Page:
At last night’s debate, Major Garrett asked Senator Cruz whether his proposal to create a value-added tax would facilitate the growth of government. In response, Cruz denied that his “business flat tax” is a value-added tax, or VAT. The semantic question is unimportant. Conservatives have generally objected to value-added taxes for two related reasons: They are hidden taxes on labor, and could therefore prove easy to raise. And those objections apply to Cruz’s “business flat tax” as much as they do to a VAT.
The rest of Cruz’s answer illustrated how his “business flat tax” is a hidden tax. Cruz went on to say that families of four making less than $36,000 would pay no federal taxes under his plan. “No income taxes. No payroll taxes. No nothing. [Above the threshold for paying income taxes] everyone pays the same simple flat 10% income rate.” That family of four, though, would indirectly be paying a lot of taxes. That’s because Cruz’s “business flat tax,” unlike today’s corporate-income tax, does not allow businesses to deduct wages. Wages will be lower if businesses can’t deduct them than if they can. That family of four may not ever have to write a check to the federal government, but that’s because they will be paying taxes in the form of wages they never see.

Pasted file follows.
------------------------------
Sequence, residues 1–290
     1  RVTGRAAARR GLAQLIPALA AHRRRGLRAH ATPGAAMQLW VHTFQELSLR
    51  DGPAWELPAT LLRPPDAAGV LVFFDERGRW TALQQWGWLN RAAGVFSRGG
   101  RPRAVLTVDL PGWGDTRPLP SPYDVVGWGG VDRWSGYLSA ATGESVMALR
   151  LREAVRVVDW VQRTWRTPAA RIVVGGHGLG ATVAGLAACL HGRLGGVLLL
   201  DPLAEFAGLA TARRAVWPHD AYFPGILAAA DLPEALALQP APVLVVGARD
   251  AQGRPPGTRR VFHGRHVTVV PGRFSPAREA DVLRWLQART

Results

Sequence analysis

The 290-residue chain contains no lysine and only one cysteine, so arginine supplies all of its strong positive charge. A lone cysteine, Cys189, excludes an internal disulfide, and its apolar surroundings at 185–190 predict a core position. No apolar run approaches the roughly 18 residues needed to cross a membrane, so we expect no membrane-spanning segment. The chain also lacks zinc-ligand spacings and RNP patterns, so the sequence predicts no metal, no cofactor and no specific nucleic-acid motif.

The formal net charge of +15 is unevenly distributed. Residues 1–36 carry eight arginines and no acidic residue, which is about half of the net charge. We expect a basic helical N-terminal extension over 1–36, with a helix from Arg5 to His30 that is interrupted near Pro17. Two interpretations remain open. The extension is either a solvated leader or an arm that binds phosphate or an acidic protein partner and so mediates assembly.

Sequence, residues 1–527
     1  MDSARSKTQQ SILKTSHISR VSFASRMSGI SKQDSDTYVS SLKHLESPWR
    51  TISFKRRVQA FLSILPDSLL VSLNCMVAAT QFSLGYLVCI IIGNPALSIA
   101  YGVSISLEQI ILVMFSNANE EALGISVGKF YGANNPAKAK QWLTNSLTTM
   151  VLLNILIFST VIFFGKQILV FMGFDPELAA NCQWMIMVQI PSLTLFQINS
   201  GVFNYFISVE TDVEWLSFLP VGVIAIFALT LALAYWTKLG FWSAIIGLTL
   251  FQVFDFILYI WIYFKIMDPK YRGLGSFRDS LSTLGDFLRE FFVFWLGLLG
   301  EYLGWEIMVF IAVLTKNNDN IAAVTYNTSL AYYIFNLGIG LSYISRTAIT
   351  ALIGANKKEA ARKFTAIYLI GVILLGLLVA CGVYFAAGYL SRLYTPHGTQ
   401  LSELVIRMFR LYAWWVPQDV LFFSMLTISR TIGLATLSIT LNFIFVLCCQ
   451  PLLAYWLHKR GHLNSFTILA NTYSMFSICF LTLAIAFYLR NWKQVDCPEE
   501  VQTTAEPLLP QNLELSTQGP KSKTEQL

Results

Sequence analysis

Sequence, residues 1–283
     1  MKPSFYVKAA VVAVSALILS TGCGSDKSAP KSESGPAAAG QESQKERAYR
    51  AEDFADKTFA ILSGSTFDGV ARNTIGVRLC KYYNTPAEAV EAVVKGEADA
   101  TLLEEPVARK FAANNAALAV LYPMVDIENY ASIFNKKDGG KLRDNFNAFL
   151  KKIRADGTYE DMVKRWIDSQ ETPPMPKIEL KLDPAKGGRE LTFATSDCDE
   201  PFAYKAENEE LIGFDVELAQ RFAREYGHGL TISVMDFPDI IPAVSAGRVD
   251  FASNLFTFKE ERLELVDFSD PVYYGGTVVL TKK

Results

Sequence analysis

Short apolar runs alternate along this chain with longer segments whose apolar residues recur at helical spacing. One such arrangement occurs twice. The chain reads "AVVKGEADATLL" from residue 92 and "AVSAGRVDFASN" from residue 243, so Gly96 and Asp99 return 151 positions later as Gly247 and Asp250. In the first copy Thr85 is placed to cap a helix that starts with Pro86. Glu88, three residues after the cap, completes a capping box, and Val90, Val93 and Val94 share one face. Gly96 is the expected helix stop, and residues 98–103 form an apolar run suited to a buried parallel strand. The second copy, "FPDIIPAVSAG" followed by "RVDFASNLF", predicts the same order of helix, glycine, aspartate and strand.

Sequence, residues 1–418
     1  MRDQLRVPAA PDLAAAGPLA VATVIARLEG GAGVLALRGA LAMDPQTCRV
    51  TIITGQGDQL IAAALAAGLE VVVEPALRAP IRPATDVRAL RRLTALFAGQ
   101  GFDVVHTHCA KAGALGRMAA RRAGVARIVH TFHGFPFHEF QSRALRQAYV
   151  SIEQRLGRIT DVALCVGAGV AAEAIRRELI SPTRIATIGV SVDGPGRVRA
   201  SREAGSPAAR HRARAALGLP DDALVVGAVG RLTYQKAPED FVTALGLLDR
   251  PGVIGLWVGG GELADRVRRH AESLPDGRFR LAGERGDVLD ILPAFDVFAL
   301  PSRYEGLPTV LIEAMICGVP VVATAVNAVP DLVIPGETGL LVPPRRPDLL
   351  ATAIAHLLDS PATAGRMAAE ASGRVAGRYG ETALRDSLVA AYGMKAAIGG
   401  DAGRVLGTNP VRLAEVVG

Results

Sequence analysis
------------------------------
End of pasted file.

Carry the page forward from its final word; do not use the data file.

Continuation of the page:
Cruz’s plan has other features that offset this tax hit. He would get rid of the payroll tax, which is itself partly hidden. (The “employer side” of the payroll tax comes out of wages too.) But when Cruz says that families making less than $36,000 would pay no federal taxes, he’s ignoring the impact of his business flat tax on them. When he says that everyone above that income would pay a 10 percent rate, he’s ignoring its impact on those people too: Add in the impact of the business flat tax, and the effective tax rate on labor income is a flat 24.4 percent.
Cruz’s plan is pro-growth, and more fiscally responsible than the plans of the other Republicans. But he should scrap this hidden tax.